We thought this was interesting because this simply continues to separate classes. Wouldn’t those who are “talented and gifted” have the possibility of being more likely to acquire wealth and status, thus continuing classicist tradition? It also may cause those who may not be considered “talented and gifted” to be discouraged to learn because they may believe they simply are not able to do so. Consequently, they may believe they are not academically valuable and cannot contribute intellectually to society or can learn for their own enjoyment.

Thomas Jefferson proposed a two-track educational system, with different tracks in his words for “the laboring and the learned.” According to RaceForward.org, Jefferson said “Scholarship would allow a very few of the laboring class to advance by raking a few geniuses from the rubbish.”  Jefferson’s views and words illustrate how the European classist traditions colonists (like the United States founding fathers) were trying to leave were encouraged to persist through educational systems.

We think students still feel the affects of these views today. We have felt that in a four track system (AP classes being the highest level courses, followed sequentially by Honors, College-prep, then Academic) we are personally more valued in an AP class than a college-prep class.

1800s: During the 1800s, more public schools were opened and continued to follow the Lancasterian model of students of different ages learning from a teacher in a one room school house.

By the mid-19th century, the role of the schools in New England had expanded to such an extent that they took over many of the educational tasks traditionally handled by parents.

As more common schools began to open, support for universal education began to grow amongst the population.

In 1805, the New York Public School Society was  formed by wealthy businessmen with the intent of providing education for poor children. Schools were run on the “Lancasterian” model, in which one “master” teacher can teach hundreds of students of different ages and abilities in a single room. The master teaches a rote lesson to the older students, who then pass it down to the younger students. These schools were perfect for preparing students for the day and age in which they were made (the industrial revolution). They emphasized the discipline and obedience that factory owners wanted in their workers.

In 1817, a petition was presented at a Boston Town Meeting asking for a system of free public primary schools to be established. Merchants, businessman, and wealthy artisans supported it while many others opposed it, seeking to avoid supporting it through taxes. Massachusetts makes it law 1827 for students of all ages and grades to attend school without charge.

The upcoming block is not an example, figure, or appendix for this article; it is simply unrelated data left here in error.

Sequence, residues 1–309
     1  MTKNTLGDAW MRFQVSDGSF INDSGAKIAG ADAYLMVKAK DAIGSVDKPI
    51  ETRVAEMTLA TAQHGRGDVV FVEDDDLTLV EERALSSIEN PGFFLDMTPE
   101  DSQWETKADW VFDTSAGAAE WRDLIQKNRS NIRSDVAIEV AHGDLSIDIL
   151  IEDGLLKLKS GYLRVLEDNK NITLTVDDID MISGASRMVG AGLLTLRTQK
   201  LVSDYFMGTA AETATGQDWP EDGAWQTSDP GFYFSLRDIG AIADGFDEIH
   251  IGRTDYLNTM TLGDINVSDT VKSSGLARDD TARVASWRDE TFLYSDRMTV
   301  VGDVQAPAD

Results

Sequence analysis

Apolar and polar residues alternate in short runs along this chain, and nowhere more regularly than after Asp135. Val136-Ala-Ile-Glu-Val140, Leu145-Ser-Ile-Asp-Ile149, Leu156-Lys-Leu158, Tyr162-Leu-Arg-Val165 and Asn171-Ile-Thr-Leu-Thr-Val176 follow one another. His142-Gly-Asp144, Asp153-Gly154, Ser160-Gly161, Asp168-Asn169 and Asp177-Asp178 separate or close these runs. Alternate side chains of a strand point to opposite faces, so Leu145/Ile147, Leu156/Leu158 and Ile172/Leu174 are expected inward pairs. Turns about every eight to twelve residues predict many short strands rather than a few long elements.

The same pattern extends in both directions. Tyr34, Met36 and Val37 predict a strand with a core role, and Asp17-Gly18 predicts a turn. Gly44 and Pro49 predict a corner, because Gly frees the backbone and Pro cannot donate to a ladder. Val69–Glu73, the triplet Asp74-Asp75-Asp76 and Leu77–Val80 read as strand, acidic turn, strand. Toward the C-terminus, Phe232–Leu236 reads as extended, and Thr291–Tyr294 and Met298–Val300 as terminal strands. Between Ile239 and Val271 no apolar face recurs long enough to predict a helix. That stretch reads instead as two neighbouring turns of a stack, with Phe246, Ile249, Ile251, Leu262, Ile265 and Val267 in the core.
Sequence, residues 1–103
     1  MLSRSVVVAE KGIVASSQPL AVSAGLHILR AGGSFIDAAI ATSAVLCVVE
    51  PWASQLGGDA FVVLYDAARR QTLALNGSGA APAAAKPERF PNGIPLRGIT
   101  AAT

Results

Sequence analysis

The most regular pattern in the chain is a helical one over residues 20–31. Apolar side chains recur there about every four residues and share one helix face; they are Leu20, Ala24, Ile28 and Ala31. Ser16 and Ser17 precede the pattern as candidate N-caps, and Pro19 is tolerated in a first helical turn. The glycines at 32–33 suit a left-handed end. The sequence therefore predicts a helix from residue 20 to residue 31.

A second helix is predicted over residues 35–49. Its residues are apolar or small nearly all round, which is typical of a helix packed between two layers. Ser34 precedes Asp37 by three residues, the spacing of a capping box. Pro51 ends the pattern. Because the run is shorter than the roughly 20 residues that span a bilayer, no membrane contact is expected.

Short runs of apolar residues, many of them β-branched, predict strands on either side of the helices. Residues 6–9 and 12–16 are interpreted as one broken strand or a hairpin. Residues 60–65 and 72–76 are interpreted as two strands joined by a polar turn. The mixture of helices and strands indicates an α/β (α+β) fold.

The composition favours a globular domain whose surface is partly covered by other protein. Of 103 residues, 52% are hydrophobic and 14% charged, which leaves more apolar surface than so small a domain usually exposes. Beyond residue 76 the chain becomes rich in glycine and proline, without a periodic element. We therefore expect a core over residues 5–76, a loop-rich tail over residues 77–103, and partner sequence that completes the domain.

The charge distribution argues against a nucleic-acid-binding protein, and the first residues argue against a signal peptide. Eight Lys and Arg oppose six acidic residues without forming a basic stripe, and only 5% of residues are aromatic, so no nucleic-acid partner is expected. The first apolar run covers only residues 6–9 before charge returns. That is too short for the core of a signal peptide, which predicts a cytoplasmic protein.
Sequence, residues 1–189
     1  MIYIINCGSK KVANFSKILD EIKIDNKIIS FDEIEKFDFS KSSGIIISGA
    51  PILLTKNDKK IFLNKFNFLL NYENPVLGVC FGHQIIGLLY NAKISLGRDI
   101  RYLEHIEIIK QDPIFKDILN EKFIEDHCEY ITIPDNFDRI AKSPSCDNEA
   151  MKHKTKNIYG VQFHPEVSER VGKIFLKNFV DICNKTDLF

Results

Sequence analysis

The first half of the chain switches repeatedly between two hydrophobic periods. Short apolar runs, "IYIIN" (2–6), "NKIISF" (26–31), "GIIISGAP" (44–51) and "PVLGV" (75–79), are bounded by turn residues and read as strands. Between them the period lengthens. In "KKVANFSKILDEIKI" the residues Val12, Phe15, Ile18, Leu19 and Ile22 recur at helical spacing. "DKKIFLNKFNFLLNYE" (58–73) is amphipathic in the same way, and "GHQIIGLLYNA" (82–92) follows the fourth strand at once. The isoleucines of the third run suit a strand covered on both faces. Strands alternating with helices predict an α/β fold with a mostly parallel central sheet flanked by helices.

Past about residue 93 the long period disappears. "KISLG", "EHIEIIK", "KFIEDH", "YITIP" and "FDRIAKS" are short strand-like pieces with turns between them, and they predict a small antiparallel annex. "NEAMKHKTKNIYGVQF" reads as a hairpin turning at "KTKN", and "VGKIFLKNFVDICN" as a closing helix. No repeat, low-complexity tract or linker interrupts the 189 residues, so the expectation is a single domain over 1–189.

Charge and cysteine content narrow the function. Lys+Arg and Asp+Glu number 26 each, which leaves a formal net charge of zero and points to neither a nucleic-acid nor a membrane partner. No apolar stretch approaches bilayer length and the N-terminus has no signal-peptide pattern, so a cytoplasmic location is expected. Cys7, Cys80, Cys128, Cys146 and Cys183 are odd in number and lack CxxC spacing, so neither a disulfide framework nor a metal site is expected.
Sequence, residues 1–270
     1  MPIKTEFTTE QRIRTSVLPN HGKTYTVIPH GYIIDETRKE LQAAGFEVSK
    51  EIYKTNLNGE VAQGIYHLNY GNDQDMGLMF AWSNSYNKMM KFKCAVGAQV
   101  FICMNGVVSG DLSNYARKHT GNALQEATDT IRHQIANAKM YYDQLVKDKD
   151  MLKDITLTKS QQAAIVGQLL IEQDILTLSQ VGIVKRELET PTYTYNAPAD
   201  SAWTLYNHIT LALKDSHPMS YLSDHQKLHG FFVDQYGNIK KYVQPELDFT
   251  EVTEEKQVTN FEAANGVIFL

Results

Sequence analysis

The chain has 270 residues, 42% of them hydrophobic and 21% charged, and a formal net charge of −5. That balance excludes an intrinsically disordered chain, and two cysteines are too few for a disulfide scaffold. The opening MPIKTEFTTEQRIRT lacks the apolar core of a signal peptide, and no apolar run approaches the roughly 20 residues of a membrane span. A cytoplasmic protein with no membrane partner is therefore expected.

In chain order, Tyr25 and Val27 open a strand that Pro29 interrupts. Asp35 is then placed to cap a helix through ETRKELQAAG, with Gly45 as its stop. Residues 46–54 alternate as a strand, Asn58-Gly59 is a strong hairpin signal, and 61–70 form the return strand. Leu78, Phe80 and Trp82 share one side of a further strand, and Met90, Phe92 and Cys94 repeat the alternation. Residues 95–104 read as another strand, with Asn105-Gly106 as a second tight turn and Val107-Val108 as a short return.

From 1820 to 1860, the amount of people working in agriculture in the United States decreases dramatically as many people move to cities to find work in factories and as farms are purchased by larger agricultural businesses. Owners are looking for docile, obedient workers and look to public schools to provide students with these qualities.

Horace Mann becomes head of the newly formed Massachusetts State Board of Education. In 1837, Edmund Dwight, a major industrialist, believed that a state board of education was so important to factory owners that he offered to supplement the state salary with extra money of his own. He clearly saw the importance of obedience and knowledge that public schools could provide for the next generation of factory workers. In this same year, a State Board of Education in Massachusetts was formed with Horace Mann as its head.

Horace mann was a U.S. educator, head of the Massachusetts State Board of Education, and a representative in the House of Representatives. He was also an education reformer and introduced the Prussian system of education to the United States in 1840. Mann believed that all deserved an education. The Prussian model provided all students with an education and separated students by age into grades and taught everyone at the same pace. This system of education is significant because Mann’s Prussian system most resembles American public education today. For this reason, Mann is sometimes referred to as the father of public school.

In education, Mann’s six principles were 1) the public should not remain ignorant, 2) Education should be paid for and controlled by an interested public, 3) education will be best provided in schools which embrace students from varied backgrounds, 4) education should be non-sectarian, 5) education should be taught by, and have the spirit of a free society, and 6) teachers should be well-trained and professional.